The music of Brazil encompasses various regional music styles influenced by African, European and Amerindian forms. After 500 years of history, Brazilian music developed some unique and original styles such as samba, bossa nova, MPB, sertanejo, pagode, tropicalia, choro, maracatu, embolada (coco de repente), mangue bit, funk carioca (in Brazil simply known as Funk), frevo, forró, axé, brega, lambada, and Brazilian versions of foreign musical genres, such as Brazilian rock and rap.
Today's artist while many of the performers during the heyday of Tropicalia and the rise of MPB (música popular brasileira) opted for a more radical stance in their challenge to Brazil's political and cultural authorities, artists like Jorge Ben took a more understated approach. Rather than use overly theatrical performance to shock the audience or write songs loaded with political content, Ben became known as one of the country's great musical alchemists, a furiously eclectic songwriter who combined elements of indigenous Brazilian music with a groove from the west coast of Africa. With that he became one of the most respected and resilient figures in Brazilian pop. ... N'Joy
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Born (March 22, 1945) Jorge Duilio Lima Menezes in Rio de Janeiro, he first took the stage name Jorge Ben after his mother's name (of Ethiopian origin) but in the 1980s changed it to Jorge Ben Jor (commonly written Benjor). Jorge Ben obtained his first pandeiro (Brazil's most popular type of tambourine) when he was thirteen, and two years later, was singing in a church choir. He also took part as a pandeiro player in the blocos of Carnaval, and from eighteen years of age, he began performing at parties and nightclubs with the guitar that his mother gifted him. He received the nickname "Babulina", after their enthusiastic pronunciation of Ronnie Self's song "Bop-A-Lena". Was presented to Tim Maia by Erasmo Carlos, soon discovered that Maia was also known for the same reason. It was at one of those clubs in which he performed that his musical career took off. In 1963, Jorge came on stage and sang "Mas Que Nada" to a small crowd that happened to include an executive from the recording company, Philips. One week later, Jorge Ben's first single was released.
The hybrid rhythms that Jorge employed brought him some problems at the start of his career, when Brazilian music was split between the rockier sounds of the Jovem Guarda and traditional samba with its complex lyrics. But as that phase in Brazilian pop music history passed, and bossa nova became better known throughout the world, Ben rose to prominence.
Holdings both television programs O Fino da Bossa and Jovem Guarda from Rede Record, after being reprimanded by the production of "O Fino da Bossa", chose to participate in the Jovem Guarda, soon after, joined the program Divino, Maravilhoso from TV Tupi, presented by Caetano Veloso and Gilberto Gil.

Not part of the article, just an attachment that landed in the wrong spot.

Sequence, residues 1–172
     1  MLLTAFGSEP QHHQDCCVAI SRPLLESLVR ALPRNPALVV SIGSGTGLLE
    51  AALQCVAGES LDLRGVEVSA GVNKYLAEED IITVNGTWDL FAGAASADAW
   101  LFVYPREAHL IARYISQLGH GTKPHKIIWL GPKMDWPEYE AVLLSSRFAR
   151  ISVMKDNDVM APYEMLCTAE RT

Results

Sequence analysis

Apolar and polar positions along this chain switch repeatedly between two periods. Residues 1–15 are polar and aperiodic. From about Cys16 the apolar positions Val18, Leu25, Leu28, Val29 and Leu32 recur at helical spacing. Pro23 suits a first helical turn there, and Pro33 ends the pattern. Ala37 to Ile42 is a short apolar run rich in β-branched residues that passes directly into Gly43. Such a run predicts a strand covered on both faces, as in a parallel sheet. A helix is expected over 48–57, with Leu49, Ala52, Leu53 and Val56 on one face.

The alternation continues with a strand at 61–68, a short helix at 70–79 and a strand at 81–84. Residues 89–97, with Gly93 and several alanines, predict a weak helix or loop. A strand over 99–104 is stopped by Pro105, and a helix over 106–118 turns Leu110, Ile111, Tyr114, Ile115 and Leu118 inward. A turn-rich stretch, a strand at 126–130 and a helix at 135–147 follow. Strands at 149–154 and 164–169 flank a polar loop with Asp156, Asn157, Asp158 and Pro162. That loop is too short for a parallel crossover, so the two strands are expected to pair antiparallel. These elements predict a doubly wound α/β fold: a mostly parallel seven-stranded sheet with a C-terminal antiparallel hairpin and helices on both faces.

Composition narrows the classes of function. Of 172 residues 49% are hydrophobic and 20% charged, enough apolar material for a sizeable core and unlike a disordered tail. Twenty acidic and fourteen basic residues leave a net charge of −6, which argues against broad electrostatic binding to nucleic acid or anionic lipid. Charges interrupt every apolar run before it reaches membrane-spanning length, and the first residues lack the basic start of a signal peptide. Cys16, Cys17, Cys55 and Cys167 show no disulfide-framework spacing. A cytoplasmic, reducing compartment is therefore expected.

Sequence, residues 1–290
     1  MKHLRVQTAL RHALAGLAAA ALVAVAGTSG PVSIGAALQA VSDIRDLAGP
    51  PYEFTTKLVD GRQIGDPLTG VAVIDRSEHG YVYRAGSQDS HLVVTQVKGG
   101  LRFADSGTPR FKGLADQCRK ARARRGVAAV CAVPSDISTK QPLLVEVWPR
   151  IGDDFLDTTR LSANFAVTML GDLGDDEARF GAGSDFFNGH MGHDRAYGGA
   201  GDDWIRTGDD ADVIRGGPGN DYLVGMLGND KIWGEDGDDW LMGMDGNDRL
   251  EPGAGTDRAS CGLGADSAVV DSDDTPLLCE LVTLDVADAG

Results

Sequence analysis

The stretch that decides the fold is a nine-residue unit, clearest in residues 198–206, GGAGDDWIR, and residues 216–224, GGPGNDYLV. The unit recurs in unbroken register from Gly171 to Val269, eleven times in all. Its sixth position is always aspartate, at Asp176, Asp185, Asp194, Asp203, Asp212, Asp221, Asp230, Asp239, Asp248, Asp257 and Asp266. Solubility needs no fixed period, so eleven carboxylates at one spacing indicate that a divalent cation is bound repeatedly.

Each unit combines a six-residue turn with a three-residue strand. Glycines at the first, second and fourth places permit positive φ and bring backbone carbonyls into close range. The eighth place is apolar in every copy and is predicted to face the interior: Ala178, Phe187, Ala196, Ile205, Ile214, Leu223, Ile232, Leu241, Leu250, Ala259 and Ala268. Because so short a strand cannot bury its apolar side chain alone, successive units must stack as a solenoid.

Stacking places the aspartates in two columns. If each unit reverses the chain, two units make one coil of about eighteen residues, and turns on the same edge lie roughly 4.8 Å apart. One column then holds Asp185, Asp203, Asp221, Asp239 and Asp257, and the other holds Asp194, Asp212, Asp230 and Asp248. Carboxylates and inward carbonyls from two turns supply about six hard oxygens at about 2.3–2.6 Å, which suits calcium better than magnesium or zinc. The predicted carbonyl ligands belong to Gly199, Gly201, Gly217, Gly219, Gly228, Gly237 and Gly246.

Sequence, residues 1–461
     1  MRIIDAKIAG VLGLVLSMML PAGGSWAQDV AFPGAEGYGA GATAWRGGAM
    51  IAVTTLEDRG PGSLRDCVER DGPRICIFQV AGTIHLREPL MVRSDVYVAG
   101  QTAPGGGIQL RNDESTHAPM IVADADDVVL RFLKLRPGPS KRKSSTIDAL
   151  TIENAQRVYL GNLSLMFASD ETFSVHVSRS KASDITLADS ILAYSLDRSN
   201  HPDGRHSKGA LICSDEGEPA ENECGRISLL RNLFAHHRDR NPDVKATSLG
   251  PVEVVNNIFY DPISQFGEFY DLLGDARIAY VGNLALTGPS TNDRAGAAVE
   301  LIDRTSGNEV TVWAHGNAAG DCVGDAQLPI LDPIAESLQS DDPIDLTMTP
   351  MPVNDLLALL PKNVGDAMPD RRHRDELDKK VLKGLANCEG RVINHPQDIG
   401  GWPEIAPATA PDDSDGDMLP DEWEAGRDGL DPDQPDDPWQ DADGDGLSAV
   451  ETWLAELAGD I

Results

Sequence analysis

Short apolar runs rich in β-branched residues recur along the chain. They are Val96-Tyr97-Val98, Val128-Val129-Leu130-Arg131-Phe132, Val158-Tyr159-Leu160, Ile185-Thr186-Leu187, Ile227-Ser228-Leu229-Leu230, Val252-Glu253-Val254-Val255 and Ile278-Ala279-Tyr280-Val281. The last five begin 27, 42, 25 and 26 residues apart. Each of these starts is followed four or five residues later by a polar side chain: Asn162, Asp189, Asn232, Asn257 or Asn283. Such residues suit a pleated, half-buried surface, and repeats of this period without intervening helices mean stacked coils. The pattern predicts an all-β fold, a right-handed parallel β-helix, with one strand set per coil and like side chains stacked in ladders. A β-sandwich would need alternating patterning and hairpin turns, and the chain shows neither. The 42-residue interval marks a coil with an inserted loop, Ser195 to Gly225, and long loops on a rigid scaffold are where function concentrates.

Jorge Ben's first public appearances were in small festivals organised by his friends, where bossa nova and rock and roll predominated. As with most musicians of the time, Ben was initially influenced by João Gilberto even though he was quite innovative in his own right. The aforementioned song, "Mas Que Nada", was his first big hit in Brazil, and remains to this day the most played song in the United States sung entirely in Portuguese. Outside of Brazil, the song is better known in cover versions by Sérgio Mendes and the Tamba Trio. The song has also been reinterpreted by jazz luminaries such as Ella Fitzgerald, Oscar Peterson, Dizzy Gillespie and Al Jarreau; as well as other samba artists of the time, such as Elza Soares. His musical work has been vastly sampled by music producers and DJ's, and covered by many bands in a variety of genres such as heavy metal, disco, rock, reggae, jazz, drum and bass, house music and more.
In 1969, Jorge Ben released his self-titled album amid the excitement of the cultural and musical Tropicália movement. The album featured Trio Mocotó as his backing band, who would go on to launch a successful career on the back of their association with Ben. The album was noted for "País Tropical," one of his most famous compositions, although it would be Wilson Simonal who would take his recording of the song to the top of the charts in Brazil that same year. Instead, the song "Charles, Anjo 45", also from the self-titled album, would become Ben's biggest self-performed chart hit of the year.
In the 1970s, Jorge Ben released his most esoteric and experimental albums, most notably A Tábua de Esmeralda in 1974 and Solta o Pavão in 1975. In 1976, he released one of his most popular albums: "África Brasil," a fusion of funk and samba which relied more on the electric guitar than previous efforts. This album also features a remake of his previously released song "Taj Mahal," from which Rod Stewart's 1979 hit "Da Ya Think I'm Sexy? was plagiarized (a matter that he claimed was settled out of court in his favor).
In 1989, Jorge changed his recording label as well as his artistic name, becoming Jorge Benjor (or Jorge Ben Jor). At the time, it was said that there were numerological reasons for his change in name; other sources say it was in response to an incident where some of his royalties accidentally went to American guitarist George Benson. In 2002, Jorge Ben contributed to the critically acclaimed Red Hot + Riot, a compilation CD created by the Red Hot Organization in tribute to the music and work of Nigerian musician, Fela Kuti, that raised money for various charities devoted to raising AIDS awareness and fighting the disease. He collaborated with fellow hip-hop artists Dead Prez, Talib Kweli, and Bilal to remake the famous song by Fela Kuti, "Shuffering and Shmiling," for the CD.